Entry updated 14 June 2021. Tagged: Theme.
Scotland's mythical Loch Ness Monster – so called since 1933 and gaining international fame soon after, is generally explained in sf as a surviving aquatic Dinosaur or dinosaur colony, as in William J Makin's "The Monster of the Loch" (20 January-3 March 1934 Pearson's Weekly) with Leslie Arliss (1901-1987); Leslie Charteris's Saint story "The Convenient Monster" (March 1959 The Saint Magazine); Lionel Fanthorpe's "The Loch Ness Terror" (January 1960 Supernatural Stories #38) as by Bron Fane, featuring plesiosaurs; Peter Dickinson's Emma Tupper's Diary (1971) – which for plot reasons shifts the scenario to a different loch; and David Langford's and John Grant's Earthdoom! (1987). Fred Hoyle and Geoffrey Hoyle offer an extraterrestrial explanation in "The Monster of Loch Ness" (in The Molecule Men and The Monster of Loch Ness, coll 1971; vt The Molecule Men 1972), and the beast makes a comic appearance in Marvin Kaye's fantasy The Amorous Umbrella (1981). In Susan Cooper's The Boggart and the Monster (1997), the creature is a Shapeshifter trapped in the traditional Loch Ness Monster form. A X-Files-like team investigates the monster in Jeff Rovin's Unit Omega (2003) as by Jim Grand.
Cinema treatments began very early with The Secret of the Loch (1934); 7 Faces of Dr Lao features the monster as a tiny fish in a bowl which swells into a full-scale sea serpent when exposed to the air. In The Private Life of Sherlock Holmes (1970) the creature is a disguised experimental submarine. In Television, the Doctor Who sequence "Terror of the Zygons" (1975 4 parts), novelized by Terrance Dicks as Doctor Who and the Loch Ness Monster (1976), the monster – though conventionally saurian in aspect – is a hunter-killer Cyborg imported by the Alien Zygons. The monster features in the Futurama film Bender's Big Score (2007) as an inanimate fake – a log with a mask attached to it.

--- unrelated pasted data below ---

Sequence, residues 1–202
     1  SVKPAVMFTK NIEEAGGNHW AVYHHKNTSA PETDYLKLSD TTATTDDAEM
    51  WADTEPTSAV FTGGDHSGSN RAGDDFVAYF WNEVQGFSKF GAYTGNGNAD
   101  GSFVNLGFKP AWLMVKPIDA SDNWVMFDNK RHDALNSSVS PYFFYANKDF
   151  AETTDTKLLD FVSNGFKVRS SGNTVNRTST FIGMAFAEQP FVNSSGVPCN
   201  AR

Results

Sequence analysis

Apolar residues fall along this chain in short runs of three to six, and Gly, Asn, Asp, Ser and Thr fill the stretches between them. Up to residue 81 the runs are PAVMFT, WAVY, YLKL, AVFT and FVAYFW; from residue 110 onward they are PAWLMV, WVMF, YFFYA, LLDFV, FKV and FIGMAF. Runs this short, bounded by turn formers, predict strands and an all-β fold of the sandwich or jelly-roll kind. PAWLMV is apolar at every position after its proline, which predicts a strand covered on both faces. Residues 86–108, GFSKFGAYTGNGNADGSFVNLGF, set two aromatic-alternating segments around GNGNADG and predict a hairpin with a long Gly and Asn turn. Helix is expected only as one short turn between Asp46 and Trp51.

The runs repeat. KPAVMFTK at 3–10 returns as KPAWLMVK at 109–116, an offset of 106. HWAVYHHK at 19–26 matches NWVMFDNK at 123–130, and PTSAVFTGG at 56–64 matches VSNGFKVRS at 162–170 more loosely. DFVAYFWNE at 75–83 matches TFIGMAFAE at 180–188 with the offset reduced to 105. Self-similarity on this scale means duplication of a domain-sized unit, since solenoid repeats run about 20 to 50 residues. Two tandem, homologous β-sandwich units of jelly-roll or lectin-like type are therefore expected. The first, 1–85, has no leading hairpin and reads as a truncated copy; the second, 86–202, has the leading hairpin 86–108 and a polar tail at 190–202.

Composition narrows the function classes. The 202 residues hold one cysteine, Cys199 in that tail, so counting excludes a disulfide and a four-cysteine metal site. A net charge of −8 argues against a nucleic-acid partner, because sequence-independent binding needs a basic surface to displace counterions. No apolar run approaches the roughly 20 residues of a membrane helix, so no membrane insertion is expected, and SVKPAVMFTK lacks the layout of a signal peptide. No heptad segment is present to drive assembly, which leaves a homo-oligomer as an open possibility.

see also: J M Morgan.
- Michel Meurger and Claude Gagnon. Monstres de lacs du Québec: mythes eté troublantes réalités (Montreal, Quebec: Stanké, 1982) [nonfiction: binding unknown/]
- Michel Meurger and Claude Gagnon. Lake Monster Traditions: A Cross-Cultural Analysis (London: Fortean Tomes, 1988) [nonfiction: exp and trans by authors of the above: pb/Fred Gambino]
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